Making healthy choices when preparing meals isn’t always easy

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Nutritionist Nonie De Long takes a look at some marketing terms this week and what they mean

Dear Nutritionist,

Over the past year I’ve had more time at home to prepare meals and to focus on my family’s nutrition. I’ve taken up cooking more than I used to but we’re still eating out a lot. I’m not interested in dieting but want to make the healthiest foods possible. What is most important to be healthy? Should I buy organic or low fat or sugar free or omega 3 or what? Is there a difference nutritionally speaking?

Thank you,
Marianne

Dear Marianne,

That’s great that you’re cooking more! I hear from people who have gone both ways during this pandemic – some cook more at home while others eat more takeout because they are just sick of being at home all the time. Many people are feeling stifled and a number of us are feeling the financial pinch of the rising housing, food, and gasoline prices. As such, it’s important to know where to put our money and what has more nutritional value.

The foundation of optimal health is to eat the highest quality, most nutrient dense foods as frequently as possible, and consume lower quality processed foods as little as possible. This is what we nutritionists call the 80/20 rule. Eat the healthiest, most minimally processed foods you can find 80 per cent (or more!) of the time, and the other stuff up to 20 per cent of the time. So, if you’re going to eat take out, try to limit yourself to one time every week or two and make it as nutrient dense as possible.

Here are some ideas to try. If your family likes a pizza night you might try to load as many veggies on the pizza as possible, and try a thinner crust or use half goat cheese (less inflammatory). Or you might learn how to make it homemade and get the kids involved. If you’re not the type to mess with dough, you can make individual pizzas with wraps or pita bread. You might accompany your pizza with a really nice fresh salad and homemade dressing. These all change the nutrition value of the same meal to make it better for your health.

If you like wings, instead of fries you might try fresh veggies and hummus or healthy dip. If you like burgers you might try the best quality burger you can make with quality chuck and seasonings with specialty cheese and a lettuce bun instead of the bread. If you like pasta you might replace the white pasta with whole wheat or even better – zucchini or spaghetti squash noodles, with homemade sauce, of course. My favourite homemade pasta sauce includes finely chopped sweet peppers, onions, garlic, spinach, and carrots, with ground beef and a slightly spicy tomato-cream base. This is decadent enough that the healthy pasta options do not detract from the dish at all! And less is needed to feel satisfied when the food has more nutrients. The reason we’re often left hungry after we eat garbage food is that there are very few nutrients in it!

Instead of wine or soda on a weekend you might try kombucha for a beverage. Soda water with fresh pressed fruit juice is much better than typical soda for the kids. Rather than sugar or artificial sweetener in your coffee, you might try monkfruit or stevia sweetener. These small hacks can have a big impact over time.

Whenever possible replace lower quality products with higher quality ones. This typically translates as homemade over factory processed, sustainably farmed over commercially farmed, unsweetened over sweetened, and organic over commercially grown foods.

On that note, let’s review a few marketing terms to clarify their value for health purposes:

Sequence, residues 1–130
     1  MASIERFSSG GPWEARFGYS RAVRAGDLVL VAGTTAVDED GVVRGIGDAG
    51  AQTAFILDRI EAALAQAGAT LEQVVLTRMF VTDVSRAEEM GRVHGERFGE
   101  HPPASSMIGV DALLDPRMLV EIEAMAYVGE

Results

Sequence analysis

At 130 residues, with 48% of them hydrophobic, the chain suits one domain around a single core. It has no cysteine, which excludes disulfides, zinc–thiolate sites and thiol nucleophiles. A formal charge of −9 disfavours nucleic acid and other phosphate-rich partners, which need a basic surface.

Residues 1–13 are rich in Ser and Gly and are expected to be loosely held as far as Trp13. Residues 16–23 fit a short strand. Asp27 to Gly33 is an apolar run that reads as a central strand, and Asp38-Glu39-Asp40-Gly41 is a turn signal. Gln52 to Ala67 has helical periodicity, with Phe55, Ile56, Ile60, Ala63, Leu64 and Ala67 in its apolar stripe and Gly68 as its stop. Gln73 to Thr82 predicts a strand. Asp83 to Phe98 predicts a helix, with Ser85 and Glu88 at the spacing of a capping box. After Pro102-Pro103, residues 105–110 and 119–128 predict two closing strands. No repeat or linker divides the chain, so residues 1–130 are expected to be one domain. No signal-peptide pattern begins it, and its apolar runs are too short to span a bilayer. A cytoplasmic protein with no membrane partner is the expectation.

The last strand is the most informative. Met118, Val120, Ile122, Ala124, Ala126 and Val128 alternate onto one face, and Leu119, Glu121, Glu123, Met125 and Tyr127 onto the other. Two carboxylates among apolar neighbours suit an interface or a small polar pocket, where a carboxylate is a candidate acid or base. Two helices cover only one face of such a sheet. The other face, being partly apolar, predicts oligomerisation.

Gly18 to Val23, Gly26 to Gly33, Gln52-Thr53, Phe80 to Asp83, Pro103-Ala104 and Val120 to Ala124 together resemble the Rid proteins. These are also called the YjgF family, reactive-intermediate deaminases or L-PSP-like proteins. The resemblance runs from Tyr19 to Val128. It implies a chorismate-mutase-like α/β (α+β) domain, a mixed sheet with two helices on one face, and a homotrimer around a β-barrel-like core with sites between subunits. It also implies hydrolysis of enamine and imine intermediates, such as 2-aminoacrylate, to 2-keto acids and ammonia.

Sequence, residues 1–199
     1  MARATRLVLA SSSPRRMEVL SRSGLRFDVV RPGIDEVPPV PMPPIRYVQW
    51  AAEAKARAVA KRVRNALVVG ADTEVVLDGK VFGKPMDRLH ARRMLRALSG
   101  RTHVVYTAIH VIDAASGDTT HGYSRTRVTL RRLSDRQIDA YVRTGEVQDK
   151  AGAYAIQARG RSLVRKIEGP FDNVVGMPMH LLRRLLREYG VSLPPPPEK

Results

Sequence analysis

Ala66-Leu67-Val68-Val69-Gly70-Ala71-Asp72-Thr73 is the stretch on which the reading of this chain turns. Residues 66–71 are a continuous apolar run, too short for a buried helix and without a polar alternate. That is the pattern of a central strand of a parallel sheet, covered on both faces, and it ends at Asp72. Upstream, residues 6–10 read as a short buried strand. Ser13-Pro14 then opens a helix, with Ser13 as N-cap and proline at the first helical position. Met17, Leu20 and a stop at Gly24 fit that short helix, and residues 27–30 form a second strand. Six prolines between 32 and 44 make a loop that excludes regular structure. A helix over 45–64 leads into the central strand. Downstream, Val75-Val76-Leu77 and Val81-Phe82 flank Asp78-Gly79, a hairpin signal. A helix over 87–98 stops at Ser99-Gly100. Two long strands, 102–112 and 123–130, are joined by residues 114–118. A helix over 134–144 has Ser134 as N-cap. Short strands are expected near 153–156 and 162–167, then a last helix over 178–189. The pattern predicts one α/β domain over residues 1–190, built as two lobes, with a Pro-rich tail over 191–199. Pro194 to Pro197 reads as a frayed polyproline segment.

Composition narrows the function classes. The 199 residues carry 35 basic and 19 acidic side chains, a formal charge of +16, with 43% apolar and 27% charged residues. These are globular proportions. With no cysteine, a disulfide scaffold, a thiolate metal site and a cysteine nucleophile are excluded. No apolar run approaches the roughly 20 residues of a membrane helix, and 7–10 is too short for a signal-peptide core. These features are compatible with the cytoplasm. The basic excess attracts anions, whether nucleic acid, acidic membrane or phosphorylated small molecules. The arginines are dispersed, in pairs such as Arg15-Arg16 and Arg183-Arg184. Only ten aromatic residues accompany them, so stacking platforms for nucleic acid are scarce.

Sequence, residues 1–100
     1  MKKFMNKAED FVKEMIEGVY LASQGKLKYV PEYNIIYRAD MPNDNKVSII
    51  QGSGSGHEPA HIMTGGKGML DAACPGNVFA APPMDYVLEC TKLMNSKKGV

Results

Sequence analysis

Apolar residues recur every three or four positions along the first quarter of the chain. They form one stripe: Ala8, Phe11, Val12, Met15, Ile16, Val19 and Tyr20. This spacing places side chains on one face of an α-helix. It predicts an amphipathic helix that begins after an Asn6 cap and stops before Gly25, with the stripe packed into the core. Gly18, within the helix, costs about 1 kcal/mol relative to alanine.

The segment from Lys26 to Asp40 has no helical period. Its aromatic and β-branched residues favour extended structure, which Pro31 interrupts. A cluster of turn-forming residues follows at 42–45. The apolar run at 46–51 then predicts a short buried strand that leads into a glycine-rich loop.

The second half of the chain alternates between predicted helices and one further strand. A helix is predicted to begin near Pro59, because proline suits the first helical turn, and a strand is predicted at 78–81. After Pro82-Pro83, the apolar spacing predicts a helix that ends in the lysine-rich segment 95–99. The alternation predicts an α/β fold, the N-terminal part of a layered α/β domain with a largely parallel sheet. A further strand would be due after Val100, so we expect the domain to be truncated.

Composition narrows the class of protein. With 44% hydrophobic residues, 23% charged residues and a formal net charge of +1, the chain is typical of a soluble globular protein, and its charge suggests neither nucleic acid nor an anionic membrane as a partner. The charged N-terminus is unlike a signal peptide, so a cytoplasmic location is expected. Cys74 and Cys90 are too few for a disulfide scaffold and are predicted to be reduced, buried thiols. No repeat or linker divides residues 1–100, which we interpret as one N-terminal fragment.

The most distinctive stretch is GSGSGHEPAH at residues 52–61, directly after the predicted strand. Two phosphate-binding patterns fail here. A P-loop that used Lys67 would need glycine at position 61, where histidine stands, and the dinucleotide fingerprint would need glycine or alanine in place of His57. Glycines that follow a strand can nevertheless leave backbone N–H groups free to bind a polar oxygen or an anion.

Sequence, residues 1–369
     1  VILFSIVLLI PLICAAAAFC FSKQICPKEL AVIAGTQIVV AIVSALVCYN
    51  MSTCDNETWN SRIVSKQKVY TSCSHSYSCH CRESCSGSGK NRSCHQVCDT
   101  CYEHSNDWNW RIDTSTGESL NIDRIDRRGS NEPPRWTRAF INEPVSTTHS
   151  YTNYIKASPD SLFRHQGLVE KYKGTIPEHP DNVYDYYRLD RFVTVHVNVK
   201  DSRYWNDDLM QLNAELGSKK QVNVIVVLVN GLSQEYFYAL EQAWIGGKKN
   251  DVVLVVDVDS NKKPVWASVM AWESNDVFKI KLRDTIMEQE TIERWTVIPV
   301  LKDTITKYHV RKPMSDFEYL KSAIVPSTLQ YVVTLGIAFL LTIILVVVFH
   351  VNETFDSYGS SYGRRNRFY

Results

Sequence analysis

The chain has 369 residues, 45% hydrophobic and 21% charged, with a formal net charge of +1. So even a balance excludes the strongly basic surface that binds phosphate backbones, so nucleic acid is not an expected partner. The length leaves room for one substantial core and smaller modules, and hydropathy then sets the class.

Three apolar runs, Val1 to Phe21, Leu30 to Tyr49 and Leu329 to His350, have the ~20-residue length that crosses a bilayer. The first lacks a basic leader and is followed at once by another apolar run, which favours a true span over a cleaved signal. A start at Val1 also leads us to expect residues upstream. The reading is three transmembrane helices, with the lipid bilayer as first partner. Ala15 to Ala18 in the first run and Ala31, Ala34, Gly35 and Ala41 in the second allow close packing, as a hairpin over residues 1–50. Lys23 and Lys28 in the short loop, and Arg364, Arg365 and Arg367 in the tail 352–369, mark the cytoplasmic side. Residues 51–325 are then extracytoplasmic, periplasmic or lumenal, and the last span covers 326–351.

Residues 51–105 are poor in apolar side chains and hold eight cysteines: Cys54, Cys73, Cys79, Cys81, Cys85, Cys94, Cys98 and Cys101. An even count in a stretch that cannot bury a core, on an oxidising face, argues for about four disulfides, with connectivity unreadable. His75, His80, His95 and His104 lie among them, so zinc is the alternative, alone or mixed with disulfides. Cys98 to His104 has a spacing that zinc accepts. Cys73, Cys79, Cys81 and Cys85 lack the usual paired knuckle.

Omega 3:

This means the product contains Omega 3 fatty acids, which we need more of in our diets, almost without exception. These fats help balance out the more common fatty acids we consume, and they decrease inflammation significantly. The problem is that once omega the 3 fatty acids are exposed to heat, light, or oxygen they lose their health giving properties and becomes oxidized. So cooking products that contain Omega 3s can damage the quality of the health giving fats.

There have been few studies I can find that explore this, but those that have been done suggest canning and frying are more damaging than baking or broiling. What I recommend is that we consume Omega 3s from supplements or foods that are not cooked – hemp, chia seed, roe, fresh ground flax seeds, cod liver oil, and sashimi. Sashimi is Japanese. It’s raw fish, typically sliced thin and eaten with soy sauce. Salmon is delicious and safe to eat raw – if it has been properly frozen first.

Organic:

This refers to the way products are grown. It varies a bit from country to country, but it means the product is grown without the use of synthetic herbicides, pesticides, fertilizers, or GMOs. Farmers who grow organic produce typically use more sustainable farming methods, like soil regeneration and crop diversity and rotation. It typically costs more because it takes more time to produce, requires soil testing and certification that is costly to the farmer, and requires a level of personal care and investment you don’t find in commercial farming practices.

Despite myths to the contrary, I have tested organic tomatoes, apples, carrots, and strawberries, and organic does not go bad more quickly than the GMO, pesticide laden, and artificially ripened counterparts. It’s also untrue there are no health benefits, as the product can only be as healthy as the soil that produces it. In addition, non-organic produce is often exposed to glyphosate. You can read the marketing of glyphosate here, which states that it’s safe for use. It has been approved for use in Canada for over 40 years. You can read about the lawsuits against the company for causing cancer here. The WHO lists it as probably carcinogenic, after much lobbying. The more we lobby the government about dangerous chemicals like this the more action will be taken to remove it from our food supply. At present it’s in virtually everything.